Deep Dive: Is there “Fair” Redistricting?

Deep Dive: Is There “Fair” Redistricting?

Gerrymandering is often blamed for problems that are really inherent in the use of single-winner districts, such as a lack of competition or outcomes that unfairly favor one political party. Bipartisan redistricting commissions, independent redistricting commissions, and citizen redistricting commission are often seen as the solution to gerrymandered districts because they take district maps out of partisan (or even political) hands. There are good reasons to take power away from partisans in drawing district, but analyses by FairVote and leading scholars show that no matter how a state redistricts, single-winner districts tend to lead to outcomes controlled by the partisans that maintain the power of one party in a district. Despite the frequent association of gerrymandering with bizarrely shaped districts and poor aesthetics, both merely provide circumstantial evidence of legislative wrongdoing. Drawing oddly-shaped districts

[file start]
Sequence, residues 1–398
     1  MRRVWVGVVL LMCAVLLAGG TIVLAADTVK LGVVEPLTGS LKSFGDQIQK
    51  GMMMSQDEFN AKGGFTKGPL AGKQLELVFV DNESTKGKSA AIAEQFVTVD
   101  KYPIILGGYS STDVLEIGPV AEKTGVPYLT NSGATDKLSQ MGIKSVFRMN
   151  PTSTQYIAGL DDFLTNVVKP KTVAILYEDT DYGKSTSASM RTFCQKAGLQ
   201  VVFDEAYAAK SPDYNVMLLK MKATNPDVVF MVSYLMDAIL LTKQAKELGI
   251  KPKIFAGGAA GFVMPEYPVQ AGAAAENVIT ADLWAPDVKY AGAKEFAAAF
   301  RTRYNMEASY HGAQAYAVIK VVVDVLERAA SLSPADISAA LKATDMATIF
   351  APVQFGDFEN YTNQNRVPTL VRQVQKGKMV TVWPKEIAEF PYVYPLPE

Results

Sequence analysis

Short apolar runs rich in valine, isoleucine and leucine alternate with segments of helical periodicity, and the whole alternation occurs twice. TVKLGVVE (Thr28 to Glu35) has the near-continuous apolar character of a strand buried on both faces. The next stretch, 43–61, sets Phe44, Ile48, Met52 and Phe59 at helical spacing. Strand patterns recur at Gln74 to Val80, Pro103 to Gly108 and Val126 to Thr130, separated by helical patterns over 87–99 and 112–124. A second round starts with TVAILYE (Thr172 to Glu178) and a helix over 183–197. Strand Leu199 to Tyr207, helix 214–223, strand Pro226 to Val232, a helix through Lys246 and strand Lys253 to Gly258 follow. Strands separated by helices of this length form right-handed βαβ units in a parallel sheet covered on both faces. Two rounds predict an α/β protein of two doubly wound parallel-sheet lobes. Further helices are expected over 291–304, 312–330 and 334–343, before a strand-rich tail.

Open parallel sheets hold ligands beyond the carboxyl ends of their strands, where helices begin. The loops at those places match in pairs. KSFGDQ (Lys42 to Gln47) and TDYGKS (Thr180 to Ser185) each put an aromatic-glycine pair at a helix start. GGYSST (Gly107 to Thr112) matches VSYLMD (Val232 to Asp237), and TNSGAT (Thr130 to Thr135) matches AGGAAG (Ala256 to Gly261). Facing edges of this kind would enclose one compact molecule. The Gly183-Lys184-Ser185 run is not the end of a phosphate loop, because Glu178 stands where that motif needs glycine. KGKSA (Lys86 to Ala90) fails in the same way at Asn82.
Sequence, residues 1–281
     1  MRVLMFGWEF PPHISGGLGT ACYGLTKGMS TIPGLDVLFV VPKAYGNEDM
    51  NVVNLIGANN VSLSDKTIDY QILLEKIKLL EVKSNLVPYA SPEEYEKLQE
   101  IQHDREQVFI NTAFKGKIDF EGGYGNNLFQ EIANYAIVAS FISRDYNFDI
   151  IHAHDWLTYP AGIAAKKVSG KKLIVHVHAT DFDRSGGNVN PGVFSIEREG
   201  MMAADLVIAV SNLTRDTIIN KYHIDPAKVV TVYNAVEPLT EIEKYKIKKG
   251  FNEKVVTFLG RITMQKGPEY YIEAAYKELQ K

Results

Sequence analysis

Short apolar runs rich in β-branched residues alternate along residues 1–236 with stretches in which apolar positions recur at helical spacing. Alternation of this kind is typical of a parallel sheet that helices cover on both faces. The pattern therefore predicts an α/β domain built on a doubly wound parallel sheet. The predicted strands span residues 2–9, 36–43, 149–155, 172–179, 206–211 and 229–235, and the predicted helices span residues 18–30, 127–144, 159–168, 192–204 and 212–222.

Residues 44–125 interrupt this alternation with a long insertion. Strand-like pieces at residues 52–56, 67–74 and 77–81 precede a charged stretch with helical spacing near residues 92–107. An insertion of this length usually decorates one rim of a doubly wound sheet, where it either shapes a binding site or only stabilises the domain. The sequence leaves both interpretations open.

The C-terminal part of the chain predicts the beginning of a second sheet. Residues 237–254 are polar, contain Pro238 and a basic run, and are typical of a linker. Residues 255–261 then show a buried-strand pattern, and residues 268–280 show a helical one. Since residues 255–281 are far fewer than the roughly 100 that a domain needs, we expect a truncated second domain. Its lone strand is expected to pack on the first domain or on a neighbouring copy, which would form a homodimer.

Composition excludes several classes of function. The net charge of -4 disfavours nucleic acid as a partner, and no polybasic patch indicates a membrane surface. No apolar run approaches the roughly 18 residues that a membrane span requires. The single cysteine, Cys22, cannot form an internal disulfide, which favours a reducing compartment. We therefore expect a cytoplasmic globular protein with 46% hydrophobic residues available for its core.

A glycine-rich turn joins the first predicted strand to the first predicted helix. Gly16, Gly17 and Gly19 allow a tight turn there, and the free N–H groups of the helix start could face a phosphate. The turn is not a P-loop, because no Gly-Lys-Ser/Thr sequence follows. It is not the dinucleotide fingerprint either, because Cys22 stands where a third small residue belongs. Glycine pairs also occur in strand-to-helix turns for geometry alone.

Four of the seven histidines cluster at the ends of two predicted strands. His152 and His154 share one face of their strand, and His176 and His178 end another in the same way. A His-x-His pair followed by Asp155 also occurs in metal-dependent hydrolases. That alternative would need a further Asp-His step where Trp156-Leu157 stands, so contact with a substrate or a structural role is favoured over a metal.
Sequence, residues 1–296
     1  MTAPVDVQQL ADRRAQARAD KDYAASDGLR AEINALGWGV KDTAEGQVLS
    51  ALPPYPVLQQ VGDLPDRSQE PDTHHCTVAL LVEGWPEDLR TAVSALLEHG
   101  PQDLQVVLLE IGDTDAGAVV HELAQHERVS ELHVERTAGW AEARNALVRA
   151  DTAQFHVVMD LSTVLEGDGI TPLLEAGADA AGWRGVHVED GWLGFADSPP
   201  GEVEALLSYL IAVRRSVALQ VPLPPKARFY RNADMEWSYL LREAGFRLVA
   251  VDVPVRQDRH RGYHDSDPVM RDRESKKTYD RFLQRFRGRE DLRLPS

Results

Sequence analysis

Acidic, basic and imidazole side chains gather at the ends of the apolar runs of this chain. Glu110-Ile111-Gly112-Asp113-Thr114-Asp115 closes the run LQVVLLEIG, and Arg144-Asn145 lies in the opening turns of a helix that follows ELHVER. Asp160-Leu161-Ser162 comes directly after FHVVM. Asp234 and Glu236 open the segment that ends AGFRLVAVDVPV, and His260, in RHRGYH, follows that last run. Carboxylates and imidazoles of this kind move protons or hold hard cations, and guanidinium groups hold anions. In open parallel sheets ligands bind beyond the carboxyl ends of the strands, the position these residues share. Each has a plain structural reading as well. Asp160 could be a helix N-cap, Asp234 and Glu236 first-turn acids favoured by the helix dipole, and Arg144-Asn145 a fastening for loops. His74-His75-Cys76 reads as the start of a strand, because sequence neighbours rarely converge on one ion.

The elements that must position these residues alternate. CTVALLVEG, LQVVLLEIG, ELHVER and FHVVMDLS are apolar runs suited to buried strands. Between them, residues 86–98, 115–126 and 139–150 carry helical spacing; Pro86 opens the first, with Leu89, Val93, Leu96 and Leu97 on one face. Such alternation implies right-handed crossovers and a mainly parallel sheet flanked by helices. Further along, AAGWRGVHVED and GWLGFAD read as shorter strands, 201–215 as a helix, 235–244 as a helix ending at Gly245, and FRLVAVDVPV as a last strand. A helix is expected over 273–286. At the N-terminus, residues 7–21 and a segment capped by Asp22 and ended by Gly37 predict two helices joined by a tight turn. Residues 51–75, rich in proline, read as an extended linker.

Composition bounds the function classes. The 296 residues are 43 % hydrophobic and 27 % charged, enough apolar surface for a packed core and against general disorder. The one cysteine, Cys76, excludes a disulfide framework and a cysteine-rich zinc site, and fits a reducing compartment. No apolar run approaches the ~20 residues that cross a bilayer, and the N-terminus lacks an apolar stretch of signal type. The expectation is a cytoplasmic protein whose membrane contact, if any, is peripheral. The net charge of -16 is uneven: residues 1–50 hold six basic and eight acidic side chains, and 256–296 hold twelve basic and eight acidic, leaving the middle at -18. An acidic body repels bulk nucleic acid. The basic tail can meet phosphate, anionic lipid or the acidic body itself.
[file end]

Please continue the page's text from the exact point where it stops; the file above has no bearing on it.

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Drawing Districts

Despite the frequent association of gerrymandering with bizarrely shaped districts and poor aesthetics, both merely provide circumstantial evidence of legislative wrongdoing. Drawing oddly-shaped districts is neither a goal of gerrymandering nor is it necessary for a map to be gerrymandered. It is not difficult to draw district maps that unfairly favor one political faction or entrench incumbents using attractively compact districts. Helpful resources include:

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